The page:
Our DS was fine during drop off for I day- happy to get started. When we saw him at the end of the day he was shaking and it was hard for him to even speak. He did muster smiles for pictures, but it wasn't the way I would have liked to send him off. He did say that it was easier/better until he saw us. Did anyone have a similar experience? From the posts I've seen it seems like we were the only ones with a terrified kid.
It had all become real to him, the decision that he had made, to take this huge step. His classmates were processing it in different ways, some similar to him, assuredly, and they had different ways of showing/masking it. No amount of CVWs, NASS, STEM camp, athletic recruiting visits, videos, poring over USNA.edu or hearsay from former/current mids can substitute for living through a first day being part of a sweaty, smelly pack of strangers who are being stripped of everything comfortable and familiar. And failing at things.
If he has any introversion in his personality, he will struggle to get the bits of alone time he needs to recharge, but it can be done. That was the hardest thing for me at OCS, people on top of me every minute, no chance to breathe. I figured it out.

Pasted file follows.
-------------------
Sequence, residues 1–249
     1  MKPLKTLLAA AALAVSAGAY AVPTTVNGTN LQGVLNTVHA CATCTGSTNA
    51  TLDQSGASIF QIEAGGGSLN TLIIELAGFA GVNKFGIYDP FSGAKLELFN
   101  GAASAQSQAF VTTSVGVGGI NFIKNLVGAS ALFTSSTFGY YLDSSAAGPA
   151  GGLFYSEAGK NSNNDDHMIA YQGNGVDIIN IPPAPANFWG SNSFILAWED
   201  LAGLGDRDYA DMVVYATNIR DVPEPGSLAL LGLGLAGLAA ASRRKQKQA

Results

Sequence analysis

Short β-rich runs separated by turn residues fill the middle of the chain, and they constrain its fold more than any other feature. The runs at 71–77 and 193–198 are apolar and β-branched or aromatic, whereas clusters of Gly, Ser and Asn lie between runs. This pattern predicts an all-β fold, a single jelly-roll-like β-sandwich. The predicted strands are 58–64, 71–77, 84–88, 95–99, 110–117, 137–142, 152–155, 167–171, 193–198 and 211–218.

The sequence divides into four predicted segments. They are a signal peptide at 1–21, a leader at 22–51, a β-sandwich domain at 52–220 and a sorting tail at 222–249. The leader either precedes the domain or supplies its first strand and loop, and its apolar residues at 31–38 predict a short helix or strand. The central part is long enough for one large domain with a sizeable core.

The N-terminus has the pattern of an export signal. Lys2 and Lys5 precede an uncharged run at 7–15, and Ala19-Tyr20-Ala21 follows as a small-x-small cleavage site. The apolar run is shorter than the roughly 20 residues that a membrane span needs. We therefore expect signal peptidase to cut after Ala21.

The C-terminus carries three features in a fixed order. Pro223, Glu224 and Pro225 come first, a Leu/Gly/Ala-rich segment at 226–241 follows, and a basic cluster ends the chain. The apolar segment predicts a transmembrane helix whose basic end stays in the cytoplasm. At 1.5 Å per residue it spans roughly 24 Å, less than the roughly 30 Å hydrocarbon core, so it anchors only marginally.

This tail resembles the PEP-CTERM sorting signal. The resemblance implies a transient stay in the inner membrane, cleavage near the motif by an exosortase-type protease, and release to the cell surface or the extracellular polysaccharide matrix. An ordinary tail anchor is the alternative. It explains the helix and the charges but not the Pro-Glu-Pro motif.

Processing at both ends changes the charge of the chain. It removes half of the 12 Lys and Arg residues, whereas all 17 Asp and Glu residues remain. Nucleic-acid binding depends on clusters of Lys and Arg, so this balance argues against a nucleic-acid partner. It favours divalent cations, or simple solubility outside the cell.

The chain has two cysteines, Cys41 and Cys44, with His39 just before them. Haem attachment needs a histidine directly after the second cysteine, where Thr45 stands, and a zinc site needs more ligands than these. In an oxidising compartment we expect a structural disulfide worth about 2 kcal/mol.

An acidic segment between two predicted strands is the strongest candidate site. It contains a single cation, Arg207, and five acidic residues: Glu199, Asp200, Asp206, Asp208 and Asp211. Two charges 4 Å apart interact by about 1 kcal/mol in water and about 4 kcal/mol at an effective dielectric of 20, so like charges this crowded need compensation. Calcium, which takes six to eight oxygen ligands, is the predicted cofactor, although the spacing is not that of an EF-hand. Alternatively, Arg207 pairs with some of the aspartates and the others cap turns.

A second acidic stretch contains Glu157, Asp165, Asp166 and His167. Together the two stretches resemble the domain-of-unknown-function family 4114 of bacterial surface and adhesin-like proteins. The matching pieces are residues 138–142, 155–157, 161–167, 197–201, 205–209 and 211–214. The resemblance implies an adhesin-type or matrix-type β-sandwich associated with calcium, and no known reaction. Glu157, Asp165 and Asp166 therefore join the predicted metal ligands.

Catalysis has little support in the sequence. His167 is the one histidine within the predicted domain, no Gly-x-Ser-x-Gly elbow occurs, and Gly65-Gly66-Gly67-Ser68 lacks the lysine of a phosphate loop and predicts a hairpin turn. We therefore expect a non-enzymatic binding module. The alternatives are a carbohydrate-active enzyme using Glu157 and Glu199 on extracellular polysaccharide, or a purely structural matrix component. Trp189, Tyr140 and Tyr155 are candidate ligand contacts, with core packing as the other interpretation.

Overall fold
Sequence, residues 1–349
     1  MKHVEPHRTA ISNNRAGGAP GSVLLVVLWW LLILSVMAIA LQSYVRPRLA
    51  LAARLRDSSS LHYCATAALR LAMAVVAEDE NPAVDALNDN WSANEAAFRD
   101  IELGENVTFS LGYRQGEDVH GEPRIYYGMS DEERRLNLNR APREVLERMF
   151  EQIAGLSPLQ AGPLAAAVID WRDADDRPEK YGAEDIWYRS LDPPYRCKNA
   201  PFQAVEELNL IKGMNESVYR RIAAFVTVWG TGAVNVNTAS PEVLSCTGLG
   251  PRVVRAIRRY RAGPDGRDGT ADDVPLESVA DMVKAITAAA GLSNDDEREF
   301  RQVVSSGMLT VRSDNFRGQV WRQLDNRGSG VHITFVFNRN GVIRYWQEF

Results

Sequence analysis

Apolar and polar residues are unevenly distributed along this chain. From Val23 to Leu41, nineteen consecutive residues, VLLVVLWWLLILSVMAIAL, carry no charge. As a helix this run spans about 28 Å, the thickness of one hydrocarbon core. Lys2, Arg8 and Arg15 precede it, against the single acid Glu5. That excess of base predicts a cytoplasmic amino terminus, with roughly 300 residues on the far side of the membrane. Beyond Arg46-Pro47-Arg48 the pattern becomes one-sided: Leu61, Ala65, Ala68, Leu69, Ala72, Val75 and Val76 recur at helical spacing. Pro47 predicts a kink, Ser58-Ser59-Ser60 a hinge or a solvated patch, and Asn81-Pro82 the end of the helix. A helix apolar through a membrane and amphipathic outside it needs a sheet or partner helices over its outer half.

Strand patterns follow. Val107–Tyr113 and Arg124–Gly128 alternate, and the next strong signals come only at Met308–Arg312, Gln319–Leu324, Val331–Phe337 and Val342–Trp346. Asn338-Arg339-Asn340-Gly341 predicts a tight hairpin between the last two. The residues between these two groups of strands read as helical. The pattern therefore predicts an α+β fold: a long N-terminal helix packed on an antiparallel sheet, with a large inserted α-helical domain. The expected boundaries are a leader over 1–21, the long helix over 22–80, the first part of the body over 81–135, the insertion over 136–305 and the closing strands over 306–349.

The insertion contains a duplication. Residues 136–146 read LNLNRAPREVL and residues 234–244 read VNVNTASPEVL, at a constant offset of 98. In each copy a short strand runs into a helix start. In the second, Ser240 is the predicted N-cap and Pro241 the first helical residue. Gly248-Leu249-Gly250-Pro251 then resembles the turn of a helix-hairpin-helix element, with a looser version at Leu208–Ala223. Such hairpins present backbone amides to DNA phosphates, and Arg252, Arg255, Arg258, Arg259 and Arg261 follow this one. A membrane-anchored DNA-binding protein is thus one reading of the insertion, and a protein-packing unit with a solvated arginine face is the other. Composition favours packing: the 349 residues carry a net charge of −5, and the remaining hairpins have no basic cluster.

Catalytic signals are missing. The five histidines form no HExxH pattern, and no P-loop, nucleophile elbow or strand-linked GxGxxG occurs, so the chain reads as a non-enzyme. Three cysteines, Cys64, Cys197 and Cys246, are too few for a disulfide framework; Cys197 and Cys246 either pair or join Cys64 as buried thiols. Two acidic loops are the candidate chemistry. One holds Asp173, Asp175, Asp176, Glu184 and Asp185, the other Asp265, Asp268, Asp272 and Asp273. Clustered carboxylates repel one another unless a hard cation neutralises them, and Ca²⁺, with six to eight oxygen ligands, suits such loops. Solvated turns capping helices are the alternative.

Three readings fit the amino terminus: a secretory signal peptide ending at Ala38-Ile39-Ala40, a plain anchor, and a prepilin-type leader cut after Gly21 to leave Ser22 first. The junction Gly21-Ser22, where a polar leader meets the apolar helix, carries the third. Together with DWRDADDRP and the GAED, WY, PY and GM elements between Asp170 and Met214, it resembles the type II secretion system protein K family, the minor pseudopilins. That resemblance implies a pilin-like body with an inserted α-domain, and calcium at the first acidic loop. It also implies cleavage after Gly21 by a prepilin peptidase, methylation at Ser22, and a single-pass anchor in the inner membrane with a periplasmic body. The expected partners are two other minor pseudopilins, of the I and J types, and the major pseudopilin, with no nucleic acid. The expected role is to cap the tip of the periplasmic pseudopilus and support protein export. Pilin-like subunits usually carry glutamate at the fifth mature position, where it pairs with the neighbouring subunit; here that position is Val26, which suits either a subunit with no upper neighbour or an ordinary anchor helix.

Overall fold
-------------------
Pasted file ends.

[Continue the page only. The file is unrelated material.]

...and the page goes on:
He will find new friends, and they will embrace the suck together. Gradually, they will learn how to get through. They will bond in support of each other. There will be funny moments. You will hear newfound confidence in his voice later on in a phone call. If you see him at PPW, he will know PS is about over and will be feeling more in control. The ac year roller coaster is waiting for him, and that's yet another ride to master. Finding the ability to get himself through chaotic, stressful and unknown situations lays the foundation for the "command presence" he will need to face challenges as an officer in an operational environment. PS is the start of that transformation.
The vast majority of them make it through just fine. Find all the threads about what to put in letters and packages. I still remember my mom putting in clips about normal stuff from the hometown newspaper, and my dad writing me a letter from the dog, which was hilarious, complete with childish printing on the envelope.
I know that last glimpse of him is sticking in your heart. Time to break out classic SAF advice : "You taught them to fly. Now let them soar. If he has a couple of rough landings or hard flights, let him work it out."